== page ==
So you’ve read about the benefits of composting, and now you’re eager to get started. But what composing bin is right for you? Between compost tumblers, enclosed bins, rolling bins, or a simple, homemade bin – choosing the right bin for your needs can be confusing. We’ve de-mystified the most popular styles of composting bins so that your garden is flourishing this spring, with the help of the food scraps in your kitchen.
Pros: These circular, self-turning bins aerate compost by cranking or rolling the container with a handle. They can build a steady supply of compost every few weeks, and are ideal for small backyard spaces. These composting bins are also a lot easier to use compared to turning up an open pile with a pitchfork.
Cons: Once the composting bin is completely full, expect to wait anywhere from 2-10 weeks for the contents to process before adding more materials. They can be pricey, and will also run you anywhere from $100 – $500.
Pros: Enclosed bins are ideal for someone seeking low-maintenance composting, as family members can easily lift a lid to throw in composting materials. There are a variety of enclosed bin styles – from bins specifically made for composting, to a simple garbage can with a lid. Most enclosed bins will also keep rain, pests, and wildlife out very well.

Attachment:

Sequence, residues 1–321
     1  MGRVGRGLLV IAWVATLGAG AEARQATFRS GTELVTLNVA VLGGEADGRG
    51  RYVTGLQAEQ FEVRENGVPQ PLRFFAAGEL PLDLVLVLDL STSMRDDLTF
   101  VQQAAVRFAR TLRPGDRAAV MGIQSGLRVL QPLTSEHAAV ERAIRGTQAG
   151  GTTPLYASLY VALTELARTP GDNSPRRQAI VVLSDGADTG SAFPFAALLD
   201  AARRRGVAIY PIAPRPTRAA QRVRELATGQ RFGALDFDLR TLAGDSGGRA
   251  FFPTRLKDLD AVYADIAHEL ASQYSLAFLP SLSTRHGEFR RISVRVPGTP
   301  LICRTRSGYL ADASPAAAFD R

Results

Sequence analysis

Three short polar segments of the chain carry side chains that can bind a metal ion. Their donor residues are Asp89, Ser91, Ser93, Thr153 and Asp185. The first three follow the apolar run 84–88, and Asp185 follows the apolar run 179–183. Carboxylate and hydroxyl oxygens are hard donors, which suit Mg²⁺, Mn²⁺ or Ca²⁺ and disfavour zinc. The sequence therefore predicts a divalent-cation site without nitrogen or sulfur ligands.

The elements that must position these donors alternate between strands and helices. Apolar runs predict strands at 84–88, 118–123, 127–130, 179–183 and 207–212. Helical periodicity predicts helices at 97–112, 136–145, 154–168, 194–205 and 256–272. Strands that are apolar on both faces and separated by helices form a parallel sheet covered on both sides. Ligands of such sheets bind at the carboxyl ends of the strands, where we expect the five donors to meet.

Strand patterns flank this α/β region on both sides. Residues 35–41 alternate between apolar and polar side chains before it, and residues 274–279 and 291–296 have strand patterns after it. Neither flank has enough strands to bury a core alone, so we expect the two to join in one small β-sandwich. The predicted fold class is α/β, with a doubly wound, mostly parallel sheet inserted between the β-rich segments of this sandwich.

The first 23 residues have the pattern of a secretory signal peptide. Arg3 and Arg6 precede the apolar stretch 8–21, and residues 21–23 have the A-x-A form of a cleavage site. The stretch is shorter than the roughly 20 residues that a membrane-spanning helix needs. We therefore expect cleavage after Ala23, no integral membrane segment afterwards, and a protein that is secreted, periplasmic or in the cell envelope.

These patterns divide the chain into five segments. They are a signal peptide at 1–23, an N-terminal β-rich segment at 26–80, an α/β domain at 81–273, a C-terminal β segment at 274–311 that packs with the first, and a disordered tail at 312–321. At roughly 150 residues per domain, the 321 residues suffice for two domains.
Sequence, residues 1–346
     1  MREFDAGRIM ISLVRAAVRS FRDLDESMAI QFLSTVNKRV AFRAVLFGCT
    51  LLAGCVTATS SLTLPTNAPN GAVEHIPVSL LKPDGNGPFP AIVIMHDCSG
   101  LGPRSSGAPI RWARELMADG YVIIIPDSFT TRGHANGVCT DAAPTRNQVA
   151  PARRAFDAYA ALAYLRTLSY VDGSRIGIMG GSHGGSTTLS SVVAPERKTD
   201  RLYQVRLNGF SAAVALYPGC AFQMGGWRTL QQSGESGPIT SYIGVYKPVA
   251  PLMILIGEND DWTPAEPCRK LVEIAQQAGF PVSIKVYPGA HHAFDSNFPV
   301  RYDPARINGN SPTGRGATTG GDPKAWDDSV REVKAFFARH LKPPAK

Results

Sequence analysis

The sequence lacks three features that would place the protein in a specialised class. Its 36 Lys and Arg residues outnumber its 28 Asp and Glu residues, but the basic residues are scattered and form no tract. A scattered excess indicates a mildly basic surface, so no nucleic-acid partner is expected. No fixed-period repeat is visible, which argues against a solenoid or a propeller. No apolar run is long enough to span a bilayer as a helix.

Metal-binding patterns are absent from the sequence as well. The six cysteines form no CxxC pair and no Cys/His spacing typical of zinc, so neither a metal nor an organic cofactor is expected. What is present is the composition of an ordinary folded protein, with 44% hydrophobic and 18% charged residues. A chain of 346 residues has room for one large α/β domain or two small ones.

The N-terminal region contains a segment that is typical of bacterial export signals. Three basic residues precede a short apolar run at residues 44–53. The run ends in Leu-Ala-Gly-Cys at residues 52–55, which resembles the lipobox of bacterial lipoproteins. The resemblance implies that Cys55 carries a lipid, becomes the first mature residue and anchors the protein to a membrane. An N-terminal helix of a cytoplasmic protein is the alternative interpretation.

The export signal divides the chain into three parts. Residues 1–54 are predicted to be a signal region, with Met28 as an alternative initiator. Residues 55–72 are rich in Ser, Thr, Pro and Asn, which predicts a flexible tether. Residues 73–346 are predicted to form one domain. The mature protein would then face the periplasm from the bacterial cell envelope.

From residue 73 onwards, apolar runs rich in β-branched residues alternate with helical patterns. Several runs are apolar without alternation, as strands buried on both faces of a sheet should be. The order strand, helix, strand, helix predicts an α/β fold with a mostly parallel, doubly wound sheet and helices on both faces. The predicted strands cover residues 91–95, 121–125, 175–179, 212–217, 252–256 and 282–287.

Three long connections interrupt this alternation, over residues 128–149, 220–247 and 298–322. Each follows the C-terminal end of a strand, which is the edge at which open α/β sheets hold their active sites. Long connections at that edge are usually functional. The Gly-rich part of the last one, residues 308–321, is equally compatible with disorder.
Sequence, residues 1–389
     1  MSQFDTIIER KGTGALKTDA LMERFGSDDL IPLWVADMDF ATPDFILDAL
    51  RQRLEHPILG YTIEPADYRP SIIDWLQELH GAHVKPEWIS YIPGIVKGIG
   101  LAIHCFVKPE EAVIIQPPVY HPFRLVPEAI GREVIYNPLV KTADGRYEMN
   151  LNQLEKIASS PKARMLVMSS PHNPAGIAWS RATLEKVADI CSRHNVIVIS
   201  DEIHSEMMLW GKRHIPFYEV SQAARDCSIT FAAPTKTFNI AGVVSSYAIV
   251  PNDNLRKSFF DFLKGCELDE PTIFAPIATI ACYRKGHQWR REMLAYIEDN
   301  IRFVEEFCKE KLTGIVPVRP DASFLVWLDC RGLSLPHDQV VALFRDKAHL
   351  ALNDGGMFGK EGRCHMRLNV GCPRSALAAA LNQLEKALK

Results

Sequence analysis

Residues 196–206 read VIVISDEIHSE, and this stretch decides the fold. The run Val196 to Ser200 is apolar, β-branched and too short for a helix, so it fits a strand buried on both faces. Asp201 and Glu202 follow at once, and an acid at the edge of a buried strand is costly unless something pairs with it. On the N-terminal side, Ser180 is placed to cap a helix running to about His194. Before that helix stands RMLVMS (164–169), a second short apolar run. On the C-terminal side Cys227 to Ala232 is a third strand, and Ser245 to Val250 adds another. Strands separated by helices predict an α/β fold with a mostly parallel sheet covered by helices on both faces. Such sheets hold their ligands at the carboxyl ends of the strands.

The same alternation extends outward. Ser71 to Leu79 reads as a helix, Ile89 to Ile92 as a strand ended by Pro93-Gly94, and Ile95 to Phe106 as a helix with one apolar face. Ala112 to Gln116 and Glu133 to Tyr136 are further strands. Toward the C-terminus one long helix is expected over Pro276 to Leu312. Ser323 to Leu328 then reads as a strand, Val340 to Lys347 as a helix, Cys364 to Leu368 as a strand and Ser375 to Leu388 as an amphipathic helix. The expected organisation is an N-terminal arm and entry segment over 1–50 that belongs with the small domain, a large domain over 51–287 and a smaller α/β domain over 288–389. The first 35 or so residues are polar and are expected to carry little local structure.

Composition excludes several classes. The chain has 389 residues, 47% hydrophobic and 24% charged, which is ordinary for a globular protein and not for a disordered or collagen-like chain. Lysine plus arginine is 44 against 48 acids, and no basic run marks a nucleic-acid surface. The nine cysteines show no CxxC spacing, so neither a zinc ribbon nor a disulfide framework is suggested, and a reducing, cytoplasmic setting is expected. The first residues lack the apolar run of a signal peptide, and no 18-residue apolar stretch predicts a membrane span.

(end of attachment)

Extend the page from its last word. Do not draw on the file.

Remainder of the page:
Cons: While low maintenance, the processing time can be quite long (up to two years) because the materials are not aerated routinely. Unfortunately, low maintenance composting can also mean a longer wait time for rich results.
Pros: Rolling bins are convenient because of their removable lid, which makes it easy to turn the soil while keeping out pests and rain. Like the name suggests, the bin can be rolled to your garden or yard waste, and rolled back. You’re also able to aerate and turn the compost pile every few days by tumbling it around.
Cons: A rolling bin is not necessary for small backyards, and work best in large yards. Bins can also become challenging to roll once they are very full.
Simple, Homemade Bins
Pros: Simple, homemade bins can be made from a variety of inexpensive materials. Many choose to create their bins from lattice panels, plywood, cinder blocks, wood pallets, or a trash can. We like this guide to making a few different styles. Most homemade bins can be made in a day or weekend, and if made well, can work well for many years.
Cons: Wooden compost bins may rot within a year or two.
Friends, which composting bins have been the most successful for your needs? What bins are you eager to try?
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